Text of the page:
Hometown: Warrenton, VA
Majors: English, Sociology/Anthropology, concentration in Women’s Studies
Post-Graduation Plans: For now, I plan on applying for Teach for America (taking two years to give back to the community) and then applying for graduate school in English
Favorite Class: Introduction to Women’s Studies and Feminist Theory; it really changed my life. My professor and the course material helped me to find what I love to do: advocate for equal rights and opportunities for women. So much of what we learned I all ready knew and even had experienced. However, I never could name it before and now I had the tools to express what I felt and saw when it came to the inequities faced by women. It was an empowering experience.
I came to Washington and Lee not knowing what to expect. As a first-generation college student and the oldest of seven children, I have been the first to experience “college life.” I knew that I wanted to go to a small school where I could really get a feel for what the students and faculty stood for, and where no one could say that their voice would not be heard. One truly commendable aspect of W&L is the opportunity for campus and community involvement. At Washington and Lee, I have discovered what I care about most and have become a more socially conscious student.
W&L is known for its commitment to maintaining its traditions. Somehow, through a mixture of women’s organizations on campus, inspiring professors, incredible mentors (male and female alike), and my involvement in the Women’s Studies program, I have found my own passion: to question the traditions here at Washington and Lee and in society at large. In my opinion, the purpose of a liberal arts education is to learn how to analyze ourselves and the world around us.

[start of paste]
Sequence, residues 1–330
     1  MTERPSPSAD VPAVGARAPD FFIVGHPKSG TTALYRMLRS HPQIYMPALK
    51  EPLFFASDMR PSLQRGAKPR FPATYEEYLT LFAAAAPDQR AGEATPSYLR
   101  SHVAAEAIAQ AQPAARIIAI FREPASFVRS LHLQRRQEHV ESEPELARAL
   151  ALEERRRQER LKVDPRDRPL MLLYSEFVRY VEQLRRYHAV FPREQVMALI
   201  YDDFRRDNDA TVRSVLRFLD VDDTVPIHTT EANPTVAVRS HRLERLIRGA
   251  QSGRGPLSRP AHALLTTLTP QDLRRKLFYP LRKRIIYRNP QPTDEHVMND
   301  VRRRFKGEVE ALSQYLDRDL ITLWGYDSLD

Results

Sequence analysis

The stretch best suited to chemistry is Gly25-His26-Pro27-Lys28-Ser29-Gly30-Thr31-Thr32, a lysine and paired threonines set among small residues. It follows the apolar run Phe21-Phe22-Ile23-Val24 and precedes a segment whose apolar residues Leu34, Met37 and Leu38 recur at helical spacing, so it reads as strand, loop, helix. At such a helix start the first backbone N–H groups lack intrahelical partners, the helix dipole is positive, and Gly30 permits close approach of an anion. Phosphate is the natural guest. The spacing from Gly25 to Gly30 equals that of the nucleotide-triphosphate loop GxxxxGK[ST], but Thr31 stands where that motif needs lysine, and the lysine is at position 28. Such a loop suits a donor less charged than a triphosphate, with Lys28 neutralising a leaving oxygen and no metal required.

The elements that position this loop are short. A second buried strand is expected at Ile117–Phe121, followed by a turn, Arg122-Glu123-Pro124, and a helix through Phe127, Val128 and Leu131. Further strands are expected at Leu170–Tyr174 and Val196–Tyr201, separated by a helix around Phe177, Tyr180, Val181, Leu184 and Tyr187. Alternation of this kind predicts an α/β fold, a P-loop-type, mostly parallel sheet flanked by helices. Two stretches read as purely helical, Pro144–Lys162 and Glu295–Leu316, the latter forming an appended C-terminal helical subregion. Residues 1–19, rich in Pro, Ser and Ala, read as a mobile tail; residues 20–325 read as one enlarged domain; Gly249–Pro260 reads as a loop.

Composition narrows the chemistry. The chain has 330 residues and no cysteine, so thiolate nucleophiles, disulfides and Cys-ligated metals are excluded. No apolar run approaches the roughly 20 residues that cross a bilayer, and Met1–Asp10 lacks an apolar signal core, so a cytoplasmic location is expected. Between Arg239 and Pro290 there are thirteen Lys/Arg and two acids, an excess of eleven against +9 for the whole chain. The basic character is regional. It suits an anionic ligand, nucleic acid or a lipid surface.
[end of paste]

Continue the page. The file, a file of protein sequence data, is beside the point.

As a student, my classmates and I have a real responsibility to leave this school better than we found it. From challenging gender expectations on campus to discussing what constitutes free speech, I have tried to be a part of a bigger discussion: what is the future of W&L? Theory and action are a potent combination for change. W&L has made me think deeply about those ideals and beliefs that we need to fight against, as well as those that should remain.
For those who love to learn and question, W&L has so much to offer. Most professors are just as happy to chat about life as they are about schoolwork. Sometimes, you might need to be the one to cut off a 45-minute conversation. I have a professor and mentor who does not even teach in my major, but has voluntarily helped me do research for my honors thesis. These professors love imparting their knowledge, and believe that they learn from their students as much we learn from them.
In addition to the plethora of opportunities in the academic realm, W&L offers many creative outlets. The English department has poetry and verse contests, and the University literary magazine has continued to grow. I have been a radio host on the campus radio station, WLUR-FM, for most of my time here, discussing issues pertaining to women and gender. I never thought I would be on the radio, but at W&L these opportunities are abundant.
As for athletics, I have been a member of the cross country and track teams since I first came to the University one week before freshmen orientation, and it has been an amazing experience. It is a wonderful opportunity to meet equally driven people and keep fit and healthy.
Everyone can find a nook at W&L, whether in academics, campus or community service, or athletics. At W&L, I have been given the opportunity to shape myself into a person I am proud to be.